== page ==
4:50 - Beacon Hill (1,001'). Wow, great views!! The sky is clear, offering above average visibility. I wander around the bald summit and soak in the scenery. A map of Glendale would have been fun to have along, as the city sprawls below me. The blue water of the Los Angeles River stands in odd contrast to the stream of red break lights on the jammed I-5 freeway. I look northeast across the valley to my beloved San Gabriels and am saddened by the horrific devastation of the Station Fire. To the south I can see Catalina Island. I get out my binoculars to get a closer look at the sights and see the office building where I work in L.A. Two ladies with a baby arrive at the summit. They linger and admire the vistas. The ladies leave and a man emerges from a use path that ascends the south ridge from Lower Beacon Trail.

5:15 - Leave Beacon Hill and head back west toward five points junction. Stop to take pictures of wild cucumber and mustard bathing in the sun.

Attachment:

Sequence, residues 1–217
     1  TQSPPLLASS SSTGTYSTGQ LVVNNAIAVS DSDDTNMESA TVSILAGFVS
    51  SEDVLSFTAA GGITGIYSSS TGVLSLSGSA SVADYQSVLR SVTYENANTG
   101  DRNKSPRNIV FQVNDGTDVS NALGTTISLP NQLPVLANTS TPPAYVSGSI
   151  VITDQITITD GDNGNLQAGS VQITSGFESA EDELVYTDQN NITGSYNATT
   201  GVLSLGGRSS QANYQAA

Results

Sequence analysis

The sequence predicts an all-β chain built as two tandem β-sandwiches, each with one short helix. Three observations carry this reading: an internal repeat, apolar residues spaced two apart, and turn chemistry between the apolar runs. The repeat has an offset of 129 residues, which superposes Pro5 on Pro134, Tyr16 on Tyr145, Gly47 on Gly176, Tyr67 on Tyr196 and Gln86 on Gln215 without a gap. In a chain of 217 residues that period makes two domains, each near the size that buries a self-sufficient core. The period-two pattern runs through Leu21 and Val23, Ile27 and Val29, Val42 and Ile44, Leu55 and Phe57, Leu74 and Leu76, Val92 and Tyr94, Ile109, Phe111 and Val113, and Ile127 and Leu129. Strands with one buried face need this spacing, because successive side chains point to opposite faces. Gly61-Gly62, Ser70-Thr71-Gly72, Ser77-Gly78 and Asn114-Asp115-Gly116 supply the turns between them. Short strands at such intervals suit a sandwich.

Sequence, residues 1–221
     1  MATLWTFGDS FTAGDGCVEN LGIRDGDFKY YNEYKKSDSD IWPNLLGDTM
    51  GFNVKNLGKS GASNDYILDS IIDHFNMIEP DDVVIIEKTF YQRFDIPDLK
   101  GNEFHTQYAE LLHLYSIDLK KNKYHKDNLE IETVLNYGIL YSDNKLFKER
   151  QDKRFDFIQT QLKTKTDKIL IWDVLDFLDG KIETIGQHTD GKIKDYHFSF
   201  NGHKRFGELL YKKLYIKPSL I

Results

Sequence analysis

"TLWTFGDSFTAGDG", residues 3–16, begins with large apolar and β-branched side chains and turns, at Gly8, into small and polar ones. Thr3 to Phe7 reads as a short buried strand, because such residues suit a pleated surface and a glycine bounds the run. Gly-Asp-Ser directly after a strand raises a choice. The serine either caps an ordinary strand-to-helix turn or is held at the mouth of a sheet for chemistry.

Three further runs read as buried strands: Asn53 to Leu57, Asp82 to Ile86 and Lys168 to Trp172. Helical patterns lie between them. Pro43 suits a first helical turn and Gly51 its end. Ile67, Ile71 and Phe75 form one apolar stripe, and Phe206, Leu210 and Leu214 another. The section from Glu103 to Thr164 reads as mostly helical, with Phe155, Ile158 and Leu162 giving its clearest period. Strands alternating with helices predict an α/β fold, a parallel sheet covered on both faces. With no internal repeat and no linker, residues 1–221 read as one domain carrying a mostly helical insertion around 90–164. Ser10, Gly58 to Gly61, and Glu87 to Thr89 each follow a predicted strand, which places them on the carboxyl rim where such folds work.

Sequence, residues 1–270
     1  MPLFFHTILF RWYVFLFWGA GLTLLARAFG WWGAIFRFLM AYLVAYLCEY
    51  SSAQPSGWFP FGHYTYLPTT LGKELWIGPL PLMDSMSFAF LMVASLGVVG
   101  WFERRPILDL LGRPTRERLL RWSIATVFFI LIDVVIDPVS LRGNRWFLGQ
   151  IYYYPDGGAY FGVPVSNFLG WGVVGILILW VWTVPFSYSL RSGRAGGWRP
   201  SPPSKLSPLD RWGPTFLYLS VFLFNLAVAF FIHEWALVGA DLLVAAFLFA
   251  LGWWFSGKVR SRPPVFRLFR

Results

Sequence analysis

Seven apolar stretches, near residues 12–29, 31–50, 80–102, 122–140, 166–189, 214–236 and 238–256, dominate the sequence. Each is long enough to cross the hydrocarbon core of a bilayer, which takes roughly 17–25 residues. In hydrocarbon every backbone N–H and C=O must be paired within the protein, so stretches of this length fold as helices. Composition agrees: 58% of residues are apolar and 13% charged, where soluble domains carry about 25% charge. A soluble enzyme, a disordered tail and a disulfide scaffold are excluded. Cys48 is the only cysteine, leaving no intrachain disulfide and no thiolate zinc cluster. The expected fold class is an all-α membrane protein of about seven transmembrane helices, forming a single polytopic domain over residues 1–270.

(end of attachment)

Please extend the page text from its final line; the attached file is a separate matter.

5:21 - Five points junction. Decide to take the left route of the two routes heading west. Figured the loop would add maybe .75 mile to the hike.

5:26 - Vista Del Valle Drive and Joe Klass Water Stop - Nice picnic area with several tables and water. Wander around and check things out. Leave at 5:31, continuing west on the paved road. Take a spur trail that veers to the right toward the water tank.

5:34 - Water tank. No longer in use. Covered with graffiti. Urban grunge meets nature. Head back to the road.

Looking south from Vista Del Valle Drive.
5:38 - Wide paved turn-out at bend in the road. Nice view west of the Griffith Observatory, now in silhouette by the sinking sun. Lot of foot traffic. Strong breeze...strap my hat on. Love the L.A skyline due south. About 100 yards northwest, a trail coming up from the west intersects the road (trail not on Stone's map). This road going north at that point is fenced off and signed: "Closed, No Trespassing, Do not Enter." I suspect the closure is related to fire damage. Check other maps. Appears that also Hogback Trail heads northwest from that junction. Looking around, not sure where my return route begins. Finally find it adjacent to the wide turnout.

5:52 - Leave on return route, first ascend north to the west of the water tank, then bend east and contour back toward five points junction. Nice views north toward Burbank. Pass below the water tank and can see the trail I came up on below me. Stop to take pics of eupatory and monkey flower blossoms basking in the late-day sun. I'm still enjoying the green of spring.